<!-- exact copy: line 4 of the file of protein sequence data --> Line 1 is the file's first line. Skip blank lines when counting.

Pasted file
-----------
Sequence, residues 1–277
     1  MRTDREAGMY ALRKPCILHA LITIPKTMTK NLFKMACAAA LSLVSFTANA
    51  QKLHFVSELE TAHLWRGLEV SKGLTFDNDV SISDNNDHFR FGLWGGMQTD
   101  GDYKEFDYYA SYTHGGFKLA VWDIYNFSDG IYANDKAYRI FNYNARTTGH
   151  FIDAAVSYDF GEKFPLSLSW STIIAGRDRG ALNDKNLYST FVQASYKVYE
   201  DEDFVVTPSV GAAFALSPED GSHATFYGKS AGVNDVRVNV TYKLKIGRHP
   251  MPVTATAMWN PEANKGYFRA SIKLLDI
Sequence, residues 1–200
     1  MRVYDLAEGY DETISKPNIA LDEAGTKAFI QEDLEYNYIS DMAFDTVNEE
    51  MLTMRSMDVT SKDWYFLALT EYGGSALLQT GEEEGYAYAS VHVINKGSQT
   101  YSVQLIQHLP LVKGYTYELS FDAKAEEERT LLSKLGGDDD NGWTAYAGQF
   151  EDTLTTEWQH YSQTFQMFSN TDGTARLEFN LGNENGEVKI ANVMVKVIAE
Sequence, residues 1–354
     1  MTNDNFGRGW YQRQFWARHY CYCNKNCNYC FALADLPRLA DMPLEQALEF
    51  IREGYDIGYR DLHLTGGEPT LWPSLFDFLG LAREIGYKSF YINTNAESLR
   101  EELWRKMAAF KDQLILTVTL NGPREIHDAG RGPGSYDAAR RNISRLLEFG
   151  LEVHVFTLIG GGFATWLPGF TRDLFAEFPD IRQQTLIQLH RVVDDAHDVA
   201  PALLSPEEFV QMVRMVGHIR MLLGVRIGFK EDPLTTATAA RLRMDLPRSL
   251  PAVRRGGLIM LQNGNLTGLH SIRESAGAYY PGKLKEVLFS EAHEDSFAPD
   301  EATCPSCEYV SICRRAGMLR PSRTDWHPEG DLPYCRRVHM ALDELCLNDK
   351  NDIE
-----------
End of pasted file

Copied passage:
   101  GDYKEFDYYA SYTHGGFKLA VWDIYNFSDG IYANDKAYRI FNYNARTTGH